Imagine a fairytale winterland – crispy white snow glitering until the horizon, landscape full of nature – pine forests, white meadows and ice-covered lakes. Sunny, yet with the sun that brings bright light, but doesn’t bring the warmth. Cold, even very cold, but with air so dry that you do not feel the cold.
Air so clean that you would love to take a deep breath, but you know that that might not be so wise, as your lungs would freeze. Idyllic reindeer herds scattered somewhere in the woods.
Add to that vision some friendly people and sprinkle it with a bit of modern civilisation. That is how Lapland looks like in a nutshell.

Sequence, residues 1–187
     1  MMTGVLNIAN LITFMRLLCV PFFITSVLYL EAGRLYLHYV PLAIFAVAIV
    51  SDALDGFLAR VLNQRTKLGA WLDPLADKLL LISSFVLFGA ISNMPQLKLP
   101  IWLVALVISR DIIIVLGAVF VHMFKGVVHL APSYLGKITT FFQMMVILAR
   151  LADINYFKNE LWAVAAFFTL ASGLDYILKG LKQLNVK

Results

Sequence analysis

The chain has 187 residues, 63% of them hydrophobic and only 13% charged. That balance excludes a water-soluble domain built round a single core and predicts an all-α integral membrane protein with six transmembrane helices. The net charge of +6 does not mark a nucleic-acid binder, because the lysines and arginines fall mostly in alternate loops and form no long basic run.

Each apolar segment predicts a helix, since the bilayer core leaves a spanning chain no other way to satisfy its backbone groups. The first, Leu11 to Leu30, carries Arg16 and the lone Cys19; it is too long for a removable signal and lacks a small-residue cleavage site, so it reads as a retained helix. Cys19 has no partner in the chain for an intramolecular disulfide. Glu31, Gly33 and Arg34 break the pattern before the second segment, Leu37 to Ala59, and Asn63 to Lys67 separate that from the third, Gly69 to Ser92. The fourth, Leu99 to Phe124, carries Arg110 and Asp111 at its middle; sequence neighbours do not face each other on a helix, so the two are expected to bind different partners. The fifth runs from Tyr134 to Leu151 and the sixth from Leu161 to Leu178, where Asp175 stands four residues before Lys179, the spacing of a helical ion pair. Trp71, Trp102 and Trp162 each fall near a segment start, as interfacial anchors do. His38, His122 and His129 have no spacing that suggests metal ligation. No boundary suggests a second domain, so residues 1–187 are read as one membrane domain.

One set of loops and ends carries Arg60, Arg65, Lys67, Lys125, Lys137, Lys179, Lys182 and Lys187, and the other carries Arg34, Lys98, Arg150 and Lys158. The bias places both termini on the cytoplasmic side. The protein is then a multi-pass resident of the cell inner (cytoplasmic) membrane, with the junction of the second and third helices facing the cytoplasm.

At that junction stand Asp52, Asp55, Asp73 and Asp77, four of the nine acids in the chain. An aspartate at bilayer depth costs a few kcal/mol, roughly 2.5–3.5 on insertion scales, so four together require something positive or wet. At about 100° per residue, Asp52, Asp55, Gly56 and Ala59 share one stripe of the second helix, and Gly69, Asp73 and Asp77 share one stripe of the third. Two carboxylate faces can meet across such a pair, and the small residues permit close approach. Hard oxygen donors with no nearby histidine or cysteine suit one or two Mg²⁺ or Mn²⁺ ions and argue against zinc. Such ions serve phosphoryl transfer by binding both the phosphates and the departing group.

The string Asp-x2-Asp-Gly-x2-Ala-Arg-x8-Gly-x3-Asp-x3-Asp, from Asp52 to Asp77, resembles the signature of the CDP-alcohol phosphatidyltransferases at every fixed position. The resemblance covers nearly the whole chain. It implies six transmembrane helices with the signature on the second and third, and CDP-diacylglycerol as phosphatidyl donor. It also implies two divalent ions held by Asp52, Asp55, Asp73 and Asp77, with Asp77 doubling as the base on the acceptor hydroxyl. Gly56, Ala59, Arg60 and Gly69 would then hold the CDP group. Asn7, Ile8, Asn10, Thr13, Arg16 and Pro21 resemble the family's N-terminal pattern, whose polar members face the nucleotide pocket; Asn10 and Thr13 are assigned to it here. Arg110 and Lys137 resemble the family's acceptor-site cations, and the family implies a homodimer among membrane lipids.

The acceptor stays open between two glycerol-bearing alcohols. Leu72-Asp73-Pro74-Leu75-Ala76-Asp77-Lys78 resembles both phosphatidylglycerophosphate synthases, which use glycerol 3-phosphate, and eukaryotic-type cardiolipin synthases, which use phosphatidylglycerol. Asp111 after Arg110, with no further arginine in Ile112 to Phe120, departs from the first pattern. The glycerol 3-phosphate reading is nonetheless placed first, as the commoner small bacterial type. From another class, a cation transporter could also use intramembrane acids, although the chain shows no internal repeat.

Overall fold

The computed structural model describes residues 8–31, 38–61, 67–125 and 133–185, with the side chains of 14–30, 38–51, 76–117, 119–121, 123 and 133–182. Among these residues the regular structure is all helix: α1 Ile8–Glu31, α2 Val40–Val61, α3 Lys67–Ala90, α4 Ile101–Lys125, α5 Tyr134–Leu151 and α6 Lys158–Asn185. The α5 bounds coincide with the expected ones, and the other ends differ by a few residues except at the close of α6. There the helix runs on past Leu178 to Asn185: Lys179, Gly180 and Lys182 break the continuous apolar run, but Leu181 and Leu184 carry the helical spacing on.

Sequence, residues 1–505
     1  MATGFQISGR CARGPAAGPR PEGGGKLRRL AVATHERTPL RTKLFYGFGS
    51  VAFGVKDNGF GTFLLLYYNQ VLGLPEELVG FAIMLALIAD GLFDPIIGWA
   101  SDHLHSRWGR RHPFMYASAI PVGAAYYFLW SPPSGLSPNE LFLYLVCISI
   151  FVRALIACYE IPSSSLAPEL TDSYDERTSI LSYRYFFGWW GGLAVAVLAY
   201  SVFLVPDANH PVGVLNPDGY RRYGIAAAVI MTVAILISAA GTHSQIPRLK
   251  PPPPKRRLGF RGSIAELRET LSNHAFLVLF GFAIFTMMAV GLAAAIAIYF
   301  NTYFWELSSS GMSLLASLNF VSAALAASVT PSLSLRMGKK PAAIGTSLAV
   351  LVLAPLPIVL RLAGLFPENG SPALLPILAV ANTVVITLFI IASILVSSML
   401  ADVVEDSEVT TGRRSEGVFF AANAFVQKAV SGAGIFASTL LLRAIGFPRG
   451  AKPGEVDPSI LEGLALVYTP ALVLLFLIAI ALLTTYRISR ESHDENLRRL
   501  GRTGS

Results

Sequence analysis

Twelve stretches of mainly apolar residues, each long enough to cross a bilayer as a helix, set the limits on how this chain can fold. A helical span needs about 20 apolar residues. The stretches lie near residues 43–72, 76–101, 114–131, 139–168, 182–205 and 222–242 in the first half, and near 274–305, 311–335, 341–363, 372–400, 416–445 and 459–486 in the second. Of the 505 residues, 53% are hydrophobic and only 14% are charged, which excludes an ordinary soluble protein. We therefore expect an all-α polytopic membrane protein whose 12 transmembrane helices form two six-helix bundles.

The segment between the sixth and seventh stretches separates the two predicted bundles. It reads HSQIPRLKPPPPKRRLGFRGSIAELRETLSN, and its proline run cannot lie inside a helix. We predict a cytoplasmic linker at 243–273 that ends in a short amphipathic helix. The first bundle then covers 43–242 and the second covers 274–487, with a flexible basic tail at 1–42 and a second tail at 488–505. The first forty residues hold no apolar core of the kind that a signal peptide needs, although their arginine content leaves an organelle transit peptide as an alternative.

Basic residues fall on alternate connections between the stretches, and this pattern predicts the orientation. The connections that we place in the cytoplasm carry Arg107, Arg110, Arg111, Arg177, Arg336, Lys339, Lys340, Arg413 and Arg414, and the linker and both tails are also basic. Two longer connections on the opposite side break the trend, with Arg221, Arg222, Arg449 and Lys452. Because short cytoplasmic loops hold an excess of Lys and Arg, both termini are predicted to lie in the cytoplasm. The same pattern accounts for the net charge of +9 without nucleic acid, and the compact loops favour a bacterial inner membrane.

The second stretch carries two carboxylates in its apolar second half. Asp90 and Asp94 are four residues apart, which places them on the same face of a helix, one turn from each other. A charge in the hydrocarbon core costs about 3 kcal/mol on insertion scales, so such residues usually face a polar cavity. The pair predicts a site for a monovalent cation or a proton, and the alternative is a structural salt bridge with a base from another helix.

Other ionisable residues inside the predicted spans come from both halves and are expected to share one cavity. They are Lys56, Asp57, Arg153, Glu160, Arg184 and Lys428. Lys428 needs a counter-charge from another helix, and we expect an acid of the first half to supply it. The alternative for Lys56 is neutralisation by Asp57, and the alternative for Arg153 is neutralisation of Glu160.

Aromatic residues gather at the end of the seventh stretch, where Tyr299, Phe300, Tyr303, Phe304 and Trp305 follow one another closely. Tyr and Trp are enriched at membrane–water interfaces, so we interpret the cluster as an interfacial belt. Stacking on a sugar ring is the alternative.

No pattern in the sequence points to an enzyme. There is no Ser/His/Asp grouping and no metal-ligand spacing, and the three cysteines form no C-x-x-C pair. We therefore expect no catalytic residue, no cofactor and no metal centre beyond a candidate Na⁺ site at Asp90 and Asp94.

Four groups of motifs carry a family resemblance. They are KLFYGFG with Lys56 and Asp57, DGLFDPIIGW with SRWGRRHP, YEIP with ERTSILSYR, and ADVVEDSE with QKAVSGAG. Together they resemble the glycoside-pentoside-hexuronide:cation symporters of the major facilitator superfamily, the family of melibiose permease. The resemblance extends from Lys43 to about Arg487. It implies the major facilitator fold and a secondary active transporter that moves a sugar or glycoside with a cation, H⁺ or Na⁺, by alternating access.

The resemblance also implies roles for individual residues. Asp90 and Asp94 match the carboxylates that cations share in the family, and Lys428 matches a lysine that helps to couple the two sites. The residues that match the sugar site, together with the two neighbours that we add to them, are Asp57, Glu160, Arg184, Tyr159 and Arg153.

But where is Lapland you may ask. There is no such country on the world map. And you are certainly right – there is and there was no such country. It is a historic territory split among three Nordic countries – Norway, Sweden and Finland. I had the opportunity this time to visit the Finnish part of it. It is as big as Portugal, yet with 98% less inhabitants. The number of reindeer slightly exceeds the number of inhabitants.
Reindeer herding is a very important part of the culture of the Sami, the indiginous people of northern Finland. Yet if you imagine that these people are a kind of a semi-wild tribe living in wooden huts, then you are very far from reality. Finland is a very modern country and having a 4G connection in the middle of nowhere is nothing surprising (it was the birthplace of Nokia if you might still remember it). The reindeer owners use computers to track their herds and special reindeer apps will help you while driving on Finnish roads (you don’t want to get stuck 200 km from the nearest town, because your car run into a reindeer, do you?).